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Longman Dictionary of Contemporary English
a 300-hectare/400-acre etc farm
▪ He bought a 300-hectare farm in Shropshire.
an acre/hectare of land
▪ The family owned hundreds of acres of land.
▪ Fifteen reserves are to be established by 2000, covering 12,000 hectares of pine forest, loch, bog and mountain.
▪ The area legally delimited between 1908 and 1919 as the Champagne-producing region covers 34,500 hectares.
▪ By 1886 La Chapelle covered 60 hectares of land, and it was lit by electric light from 1877.
▪ The enclosed water area now covers some 89 hectares whilst the land area is in excess of 150 hectares.
▪ The Inlet covers 6,500 hectares of inter-tidal land between the Gower Peninsula and Llanelli.
▪ Some were little more than 50 hectares, although the Tyneside zone was over 450 hectares.
▪ That includes about 43,000 hectares of replanting and 56,000 hectares of new planting by both private foresters and Forest Enterprise.
▪ The average size of these plots was less than 1 hectare in the inner city, but up to 10 hectares at the edges.
▪ The refinery's 175 hectares will be replaced by areas of parks and green spaces.
▪ There are also plans to log 57,500 hectares of ancient forest, containing trees of up to 600 years old.
▪ They had sublet another 40 hectares because their 52 hectares of valley and mountain holdings still fall well short of their needs.
▪ They produced less per hectare and employed fewer people per hectare than small farms.
▪ This suggests that each of the 200,000 hectares developed by 1986 had required almost £200,000 of public expenditure.
The Collaborative International Dictionary

Hectare \Hec"tare`\, n. [F., fr. Gr. ? hundred + F. are an are.] A measure of area, or superficies, containing a hundred ares, or 10,000 square meters, and equivalent to 2.471 acres.

Douglas Harper's Etymology Dictionary

1810, from French hectare "a hundred ares," formed from Greek hekaton "hundred" (see hecatomb) + Latin area "vacant piece of ground" (see area). A superficial measure containing 100 ares, coined by decree of the French National Convention in 1795.


n. A unit of surface area (''symbol'' ha) equal to 100 ares (that is, 10,000 square metres, one hundredth of a square kilometre, or approximately 2.5 acres), used for measuring the areas of geographical features such as land and bodies of water.


n. (abbreviated `ha') a unit of surface area equal to 100 ares (or 10,000 square meters)


The hectare ( or ; symbol ha) is an SI accepted metric system unit of :area equal to and primarily used in the measurement of land as a metric replacement for the imperial acre. An acre is about 0.405 hectare and one hectare contains about 2.47 acres.

In 1795, when the metric system was introduced, the "are" was defined as 100 :square metres and the hectare (" hecto-" + "are") was thus 100 "ares" or  km. When the metric system was further rationalised in 1960, resulting in the International System of Units , the are was not included as a recognised unit. The hectare, however, remains as a non-SI unit accepted for use with the SI units, mentioned in Section 4.1 of the SI Brochure as a unit whose use is "expected to continue indefinitely".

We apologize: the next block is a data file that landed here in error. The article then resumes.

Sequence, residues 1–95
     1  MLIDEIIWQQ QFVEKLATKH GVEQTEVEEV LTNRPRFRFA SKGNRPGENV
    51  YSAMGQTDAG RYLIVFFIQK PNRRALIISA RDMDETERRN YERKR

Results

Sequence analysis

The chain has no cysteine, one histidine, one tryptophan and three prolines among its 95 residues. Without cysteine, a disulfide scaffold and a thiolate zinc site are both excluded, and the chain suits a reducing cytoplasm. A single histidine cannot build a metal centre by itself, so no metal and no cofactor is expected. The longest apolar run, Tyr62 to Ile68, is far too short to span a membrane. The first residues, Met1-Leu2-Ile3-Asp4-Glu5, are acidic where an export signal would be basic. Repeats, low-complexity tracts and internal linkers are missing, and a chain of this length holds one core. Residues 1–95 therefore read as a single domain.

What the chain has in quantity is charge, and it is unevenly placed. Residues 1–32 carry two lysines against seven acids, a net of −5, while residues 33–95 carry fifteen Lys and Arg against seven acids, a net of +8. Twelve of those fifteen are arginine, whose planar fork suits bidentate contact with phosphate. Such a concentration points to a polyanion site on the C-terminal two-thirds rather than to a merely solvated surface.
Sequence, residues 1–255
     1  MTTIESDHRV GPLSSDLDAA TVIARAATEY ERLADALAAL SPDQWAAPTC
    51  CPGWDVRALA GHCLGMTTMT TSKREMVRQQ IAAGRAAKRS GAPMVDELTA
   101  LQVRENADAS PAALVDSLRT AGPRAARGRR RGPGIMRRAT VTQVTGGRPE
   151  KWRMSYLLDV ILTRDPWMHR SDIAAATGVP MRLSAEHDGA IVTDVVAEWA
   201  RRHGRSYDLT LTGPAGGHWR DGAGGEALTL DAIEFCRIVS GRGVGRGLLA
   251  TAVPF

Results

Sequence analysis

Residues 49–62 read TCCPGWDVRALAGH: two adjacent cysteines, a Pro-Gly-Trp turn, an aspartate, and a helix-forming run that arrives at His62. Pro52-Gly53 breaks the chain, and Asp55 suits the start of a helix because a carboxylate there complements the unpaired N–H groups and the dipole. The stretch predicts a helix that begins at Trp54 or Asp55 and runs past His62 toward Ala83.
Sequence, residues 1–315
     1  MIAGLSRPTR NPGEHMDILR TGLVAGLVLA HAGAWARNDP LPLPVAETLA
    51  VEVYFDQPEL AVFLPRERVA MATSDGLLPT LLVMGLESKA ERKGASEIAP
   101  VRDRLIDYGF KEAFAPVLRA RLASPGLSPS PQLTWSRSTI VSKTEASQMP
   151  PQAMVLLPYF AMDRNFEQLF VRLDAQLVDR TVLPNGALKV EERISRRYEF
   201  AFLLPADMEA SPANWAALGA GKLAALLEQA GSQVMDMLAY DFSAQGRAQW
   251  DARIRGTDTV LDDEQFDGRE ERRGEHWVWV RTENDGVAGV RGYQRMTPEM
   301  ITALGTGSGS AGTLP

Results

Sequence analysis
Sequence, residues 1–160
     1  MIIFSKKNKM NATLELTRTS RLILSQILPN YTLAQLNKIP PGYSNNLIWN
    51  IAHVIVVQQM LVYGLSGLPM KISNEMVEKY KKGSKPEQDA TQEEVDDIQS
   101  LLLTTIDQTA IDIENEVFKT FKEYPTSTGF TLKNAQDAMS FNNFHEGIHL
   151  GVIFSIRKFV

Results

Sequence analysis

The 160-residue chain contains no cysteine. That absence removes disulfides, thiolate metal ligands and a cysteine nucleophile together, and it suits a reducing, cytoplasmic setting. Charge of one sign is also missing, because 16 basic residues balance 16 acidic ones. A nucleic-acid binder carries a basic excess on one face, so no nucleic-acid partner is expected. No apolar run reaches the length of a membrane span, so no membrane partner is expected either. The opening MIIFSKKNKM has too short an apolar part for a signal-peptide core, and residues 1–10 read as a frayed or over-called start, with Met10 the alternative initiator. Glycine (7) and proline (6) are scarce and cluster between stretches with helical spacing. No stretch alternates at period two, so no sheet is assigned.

Usage examples of "hectare".

When the autobahn went into an overpass he could look down to the right and see it stretching away into the December night, thousands of hectares of lights and mills, aglow from a thousand furnaces churning out the wealth of the economic miracle.

But Beman derived from human, robot, and Hectare elements, which were scientific, and they related well to the things of science and not to the things of magic.

There was no place to fly on Umber, but the ships of the Earth Convoy were equipped for worlds like Rondelet and Biruta, where solid ground was scattered in patches of a few hectares each.

Some score of sizable rivers run unutilized in the Province to-day, of which the Talavera alone could irrigate, if put in complete harness, 10,000 hectares of rice land.

In French peasants we have driven sewage carts over our hectares, estimating the unsown crop, and the cost, and the sowing.

The bog itself appeared on the map as a set of irregular blank areas between the River Brosna and the few hectares of arable land.

On the Pacific coast, where Yokohama and Kawasaki had once been, were five Soleri structures, each twelve kilometers tall, surrounded by a hundred thousand hectares of city greenspace, then a vast jumble of townships, each following its own architectural plan, each with over ten million citizens.

How many hectares does a golf course take up, all the while people in Redmond and Puyallup are scragging each other for a two-square-meter squat in an alley?

The one at Parish spacefield was long past its prime, sixty hectares of corroded hulls, acid-eaten scrap, cracked plastipaneling remnants, and wormeaten wood.

The estate was a sizable piece of property, three hectares or so in what appeared to be a most exclusive area of Parish Above.

The admin center was only a small part of the urbanplex, but its roof was forty hectares or so of giant outlets, intakes, vents, stacks, and waste heat dis-sipators.

Some score of sizable rivers run unutilized in the Province to-day, of which the Talavera alone could irrigate, if put in complete harness, 10,000 hectares of rice land.

Behind this miniature town there lay 1,500 hectares of meadow land, bounded by an embankment of lava.

I own a couple of thousand hectares in the state of Wyoming, in the mountains.

He carefully aimed the device into countless hectares of lifeless nothingness.